“Dear Veronica, I don’t have much money, but I want a new wardrobe. If I shop at thrift stores, everyone will know because they will recognise their clothes. I live in a small town. What can I do?” – Jalee, by email.
I am overjoyed to tell you that this year, after many years apart Archie Andrews and his Riverdale gang are once again presences in my life. I have a rebooted comic shared universe and Riverdale on the CW to thank for this return. Because of Cole Sprouse, I once again love Jughead Jones more than anything on this planet. So the other day, fumbling through my comic books, I decided to read a Veronica comic book from 2004. The main story in the issue involves Veronica struggling as a student reporter at Riverdale High’s new television station. She interviews a famous old actress at a senior home, and then discovers that the woman she interviewed is actually the jewel-thieving twin sister of said actress.
The story was a blast, but on the next page was something even better. I found a Veronica advice column, where real kids wrote in to ask questions to Veronica! I love the premise that this fictional character is giving her two sense on the everyday problems of her readers. Even better, the column is incredibly empathetic and offers substantial advice. “Veronica” (written by Sara Algase) responds to the above question: “Dear Jalee, It could definitely be embarrassing to shop at a local thrift store and end up wearing some of your friends’ clothes. You’d probably have more luck if you shop at a thrift store that’s farther away, or maybe at a flea market where you can get good prices and won’t have to worry that you’re wearing hand-me downs.” Algase takes the time in her letter to offer assurance and kindness, and provides specific strategies for how kids with less money can stay as fashionable as their friends. This letter might have been really moving and useful for Jalee.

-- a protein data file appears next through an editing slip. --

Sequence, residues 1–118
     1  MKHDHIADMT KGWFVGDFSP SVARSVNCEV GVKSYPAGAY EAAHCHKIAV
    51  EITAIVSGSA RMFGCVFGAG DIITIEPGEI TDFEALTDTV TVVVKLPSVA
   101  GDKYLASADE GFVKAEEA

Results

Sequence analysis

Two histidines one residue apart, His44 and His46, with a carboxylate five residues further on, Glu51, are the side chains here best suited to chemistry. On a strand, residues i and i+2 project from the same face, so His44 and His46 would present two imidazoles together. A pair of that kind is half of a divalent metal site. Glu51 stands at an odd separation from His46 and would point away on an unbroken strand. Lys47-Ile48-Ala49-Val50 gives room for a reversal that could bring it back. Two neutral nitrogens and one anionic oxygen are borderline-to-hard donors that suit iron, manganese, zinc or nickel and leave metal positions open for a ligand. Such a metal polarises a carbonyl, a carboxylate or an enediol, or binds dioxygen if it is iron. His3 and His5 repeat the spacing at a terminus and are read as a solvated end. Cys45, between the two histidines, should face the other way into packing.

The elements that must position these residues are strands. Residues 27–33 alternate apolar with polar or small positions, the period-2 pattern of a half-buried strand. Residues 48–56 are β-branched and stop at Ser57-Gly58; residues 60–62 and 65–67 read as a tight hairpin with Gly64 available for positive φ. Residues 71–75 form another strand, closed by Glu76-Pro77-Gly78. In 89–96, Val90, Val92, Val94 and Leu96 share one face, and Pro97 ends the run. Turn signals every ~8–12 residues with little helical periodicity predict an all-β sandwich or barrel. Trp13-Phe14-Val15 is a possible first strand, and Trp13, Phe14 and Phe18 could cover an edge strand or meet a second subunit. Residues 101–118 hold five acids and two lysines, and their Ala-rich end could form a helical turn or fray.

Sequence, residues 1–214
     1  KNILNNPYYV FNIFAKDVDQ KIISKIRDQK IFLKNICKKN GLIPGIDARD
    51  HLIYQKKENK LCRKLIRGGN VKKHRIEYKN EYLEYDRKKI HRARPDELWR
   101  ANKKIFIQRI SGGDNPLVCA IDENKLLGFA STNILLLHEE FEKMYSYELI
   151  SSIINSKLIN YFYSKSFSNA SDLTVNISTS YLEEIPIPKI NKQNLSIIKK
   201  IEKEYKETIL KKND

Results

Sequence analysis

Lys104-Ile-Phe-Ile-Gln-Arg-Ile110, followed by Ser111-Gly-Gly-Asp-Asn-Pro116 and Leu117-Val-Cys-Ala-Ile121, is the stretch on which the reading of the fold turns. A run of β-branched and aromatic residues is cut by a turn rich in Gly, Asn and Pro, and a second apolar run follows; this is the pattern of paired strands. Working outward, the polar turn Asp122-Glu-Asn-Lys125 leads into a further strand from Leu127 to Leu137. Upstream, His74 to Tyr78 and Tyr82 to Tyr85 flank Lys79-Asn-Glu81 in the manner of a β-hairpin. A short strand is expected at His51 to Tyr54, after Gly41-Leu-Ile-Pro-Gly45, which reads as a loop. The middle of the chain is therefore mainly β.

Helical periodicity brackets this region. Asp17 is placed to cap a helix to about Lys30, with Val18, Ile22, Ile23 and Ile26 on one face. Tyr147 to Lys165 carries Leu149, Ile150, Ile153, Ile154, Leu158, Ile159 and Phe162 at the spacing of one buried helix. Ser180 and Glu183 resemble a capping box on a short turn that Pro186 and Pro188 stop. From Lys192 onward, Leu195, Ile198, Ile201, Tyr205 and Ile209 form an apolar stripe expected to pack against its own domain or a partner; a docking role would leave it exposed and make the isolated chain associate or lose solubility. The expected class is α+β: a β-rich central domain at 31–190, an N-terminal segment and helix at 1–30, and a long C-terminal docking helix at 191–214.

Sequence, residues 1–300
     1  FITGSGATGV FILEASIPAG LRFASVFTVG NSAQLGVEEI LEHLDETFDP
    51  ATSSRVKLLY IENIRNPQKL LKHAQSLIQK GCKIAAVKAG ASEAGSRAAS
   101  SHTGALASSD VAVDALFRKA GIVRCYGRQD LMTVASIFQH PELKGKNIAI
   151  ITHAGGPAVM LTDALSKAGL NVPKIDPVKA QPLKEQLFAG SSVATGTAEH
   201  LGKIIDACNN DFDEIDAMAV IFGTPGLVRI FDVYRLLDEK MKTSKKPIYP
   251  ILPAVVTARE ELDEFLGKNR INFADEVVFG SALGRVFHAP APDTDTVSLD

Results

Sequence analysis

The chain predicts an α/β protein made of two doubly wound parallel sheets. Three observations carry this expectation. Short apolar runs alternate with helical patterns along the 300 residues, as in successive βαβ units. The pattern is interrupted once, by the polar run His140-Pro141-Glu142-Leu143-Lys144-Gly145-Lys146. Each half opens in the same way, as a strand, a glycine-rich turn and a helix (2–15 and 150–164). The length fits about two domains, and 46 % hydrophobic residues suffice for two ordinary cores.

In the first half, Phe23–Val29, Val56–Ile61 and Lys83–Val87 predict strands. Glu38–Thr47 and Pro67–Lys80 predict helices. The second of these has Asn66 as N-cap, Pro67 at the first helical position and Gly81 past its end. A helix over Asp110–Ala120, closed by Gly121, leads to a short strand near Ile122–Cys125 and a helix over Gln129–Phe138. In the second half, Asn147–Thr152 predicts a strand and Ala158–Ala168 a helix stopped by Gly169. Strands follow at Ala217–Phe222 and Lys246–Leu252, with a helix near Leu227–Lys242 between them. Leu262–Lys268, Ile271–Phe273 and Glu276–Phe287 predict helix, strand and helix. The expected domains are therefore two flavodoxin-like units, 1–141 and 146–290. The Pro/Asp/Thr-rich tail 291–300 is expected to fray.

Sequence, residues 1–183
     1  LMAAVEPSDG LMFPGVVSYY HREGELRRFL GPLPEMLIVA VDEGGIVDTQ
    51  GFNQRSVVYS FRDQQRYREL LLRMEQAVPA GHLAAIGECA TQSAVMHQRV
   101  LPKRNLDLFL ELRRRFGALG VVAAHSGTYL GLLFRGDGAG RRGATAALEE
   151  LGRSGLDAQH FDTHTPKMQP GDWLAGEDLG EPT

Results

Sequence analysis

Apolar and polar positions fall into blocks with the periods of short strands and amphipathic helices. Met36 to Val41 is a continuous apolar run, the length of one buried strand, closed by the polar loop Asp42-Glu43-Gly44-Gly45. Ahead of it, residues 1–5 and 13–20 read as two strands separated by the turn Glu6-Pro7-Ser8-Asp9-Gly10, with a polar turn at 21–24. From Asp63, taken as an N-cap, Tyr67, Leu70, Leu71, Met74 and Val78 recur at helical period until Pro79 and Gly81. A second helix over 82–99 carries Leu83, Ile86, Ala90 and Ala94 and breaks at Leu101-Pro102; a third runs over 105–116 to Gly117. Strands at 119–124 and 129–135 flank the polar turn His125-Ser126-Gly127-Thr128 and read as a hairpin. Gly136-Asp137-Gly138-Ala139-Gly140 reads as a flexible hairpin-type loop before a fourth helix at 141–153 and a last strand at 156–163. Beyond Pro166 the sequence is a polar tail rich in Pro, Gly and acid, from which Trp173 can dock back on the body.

I dug a little bit into my comic collection (ie; pile of boxes in my closet) and found extra-textual content scattered throughout Archie Comics. Some favorites include a First Annual Veronica Pop Culture Survey (Jessica Simpson and Raven Symone are clear favorites), paid essay submissions from kids around the country, art contests of Archie doodles. From what I could find though, the advice column seems to be specific to Betty, Veronica, and Betty and Veronica comics. In the mid-2000s, all of the columns I could find are credited to Sara Algase. Kids want to know how to ask out their crush, how to navigate their friendships, how to grieve pets. In a Betty comic, Katelin writes to Betty Cooper that “sometimes I get stressed out over one simple little thing. My stomach gets achy and my head starts to spin….Is this normal? Should I take yoga?” Betty writes back with warmth and compassion, teaching Katelin about the physiological symptoms of stress and suggesting solutions. Next to this particular advice column is a quiz that asks kids “Do you Make Healthy Food Choices?”
The Archie stories I’ve had in my head lately are not for children. Riverdale and the rebooted comic series are interesting and creative reinventions, but both very clearly recast Archie as a story about, and for, young adults. The comprehensive shared universe of the comics reboot seems designed for teenagers and adults who have enough money and independence to read all the books and follow the full story. Riverdale especially is explicitly concerned with the dark and twisted running through the seemingly innocuous (can you say “maple syrup”?). While this idea has power and importance, it also misses what the Veronica advice column reminded me about Archie comics. For a while, these were stories about teenagers written for pre-teens. They were also texts written with incredible care and empathy for those kids. I wonder if the world needs Archie comics written with kids in mind again.